But the organisation has realised that certification is not, on its own, the comprehensive solution the world needs to end deforestation. “We should have been faster to recognise the limitations of narrow supply chain interventions,” says Ignacio Gavilan, CGF’s director for environmental sustainability. 

He adds that the singular focus on certification “incentivised us all to think small”. Now CGF is looking at how it can re-evaluate relationships with suppliers who cannot meaningfully show they follow acceptable business practices across their respective commodity supply chains, not just what they sell. “There’s a clear need to advocate for and support practices and policies that change behaviours and outcomes at a macro-level,” Gavilan adds.

Corporate successes?

This is a position being echoed by more companies. Global chocolate company Mondelēz International says it takes deforestation seriously, not least because of the risk environmental degradation poses to its farmers and its business. 

Through its Cocoa Life programme, Mondelēz is investing $400m over the next 10 years in projects it says will have the biggest impact: turning cocoa farming into a business of choice, while helping to protect land rights for thousands of farmers. So far, it has mapped 63% of Cocoa Life farms in Ghana, Cote d’Ivoire and Indonesia (93,000 farms) using Global Forest Watch to make sure farmers are not operating in priority protected areas. By the end of 2019, it hopes to have mapped 100% of farms.

“While we’re proud of our progress and better understand the job ahead, we haven’t seen enough progress on the ground overall,” admits Jonathan Horrell, the company’s director of global sustainability. The business has also joined the Cocoa and Forests Initiative, to be part of a more integrated and collaborative sector-wide approach across policy, industry and NGOs.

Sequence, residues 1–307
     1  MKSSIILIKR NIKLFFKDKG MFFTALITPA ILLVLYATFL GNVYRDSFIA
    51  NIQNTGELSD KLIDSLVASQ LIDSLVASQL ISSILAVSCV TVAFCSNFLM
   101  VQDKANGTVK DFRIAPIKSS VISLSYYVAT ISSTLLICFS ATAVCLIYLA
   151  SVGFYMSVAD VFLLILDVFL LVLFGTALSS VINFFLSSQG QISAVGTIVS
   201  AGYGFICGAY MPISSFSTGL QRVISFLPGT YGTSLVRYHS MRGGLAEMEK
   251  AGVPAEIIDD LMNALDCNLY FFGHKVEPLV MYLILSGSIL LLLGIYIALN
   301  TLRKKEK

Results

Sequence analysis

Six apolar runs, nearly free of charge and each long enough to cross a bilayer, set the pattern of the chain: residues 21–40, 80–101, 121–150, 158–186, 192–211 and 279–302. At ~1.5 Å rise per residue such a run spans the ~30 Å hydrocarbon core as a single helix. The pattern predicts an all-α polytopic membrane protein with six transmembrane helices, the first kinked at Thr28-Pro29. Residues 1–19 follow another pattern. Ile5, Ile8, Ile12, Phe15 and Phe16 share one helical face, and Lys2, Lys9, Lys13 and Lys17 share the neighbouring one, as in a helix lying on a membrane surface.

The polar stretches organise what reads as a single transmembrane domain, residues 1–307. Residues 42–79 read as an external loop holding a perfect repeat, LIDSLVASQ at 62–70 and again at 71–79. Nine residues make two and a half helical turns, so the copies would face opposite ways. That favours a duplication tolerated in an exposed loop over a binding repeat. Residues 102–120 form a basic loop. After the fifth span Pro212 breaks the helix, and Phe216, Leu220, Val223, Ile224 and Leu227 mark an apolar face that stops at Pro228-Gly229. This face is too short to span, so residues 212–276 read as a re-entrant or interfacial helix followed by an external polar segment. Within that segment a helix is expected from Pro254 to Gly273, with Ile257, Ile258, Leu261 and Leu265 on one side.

Golden Agri-Resources, one of the largest palm oil plantation companies in the world, says it knows it has an important role to play in driving change. By engaging with suppliers, the company is helping to conserve 65,000 hectares of high carbon stock and high conservation value areas. The company is focused on improving traceability and has set a goal to track 100% of its palm oil back to plantations by 2020. Supply chain engagement to achieve this is tricky, however. “Our biggest challenge to achieve our goal is to take our third party supplier mills on this journey together with us,” Anita Neville, GAR’s senior vice president for group corporate communications, says.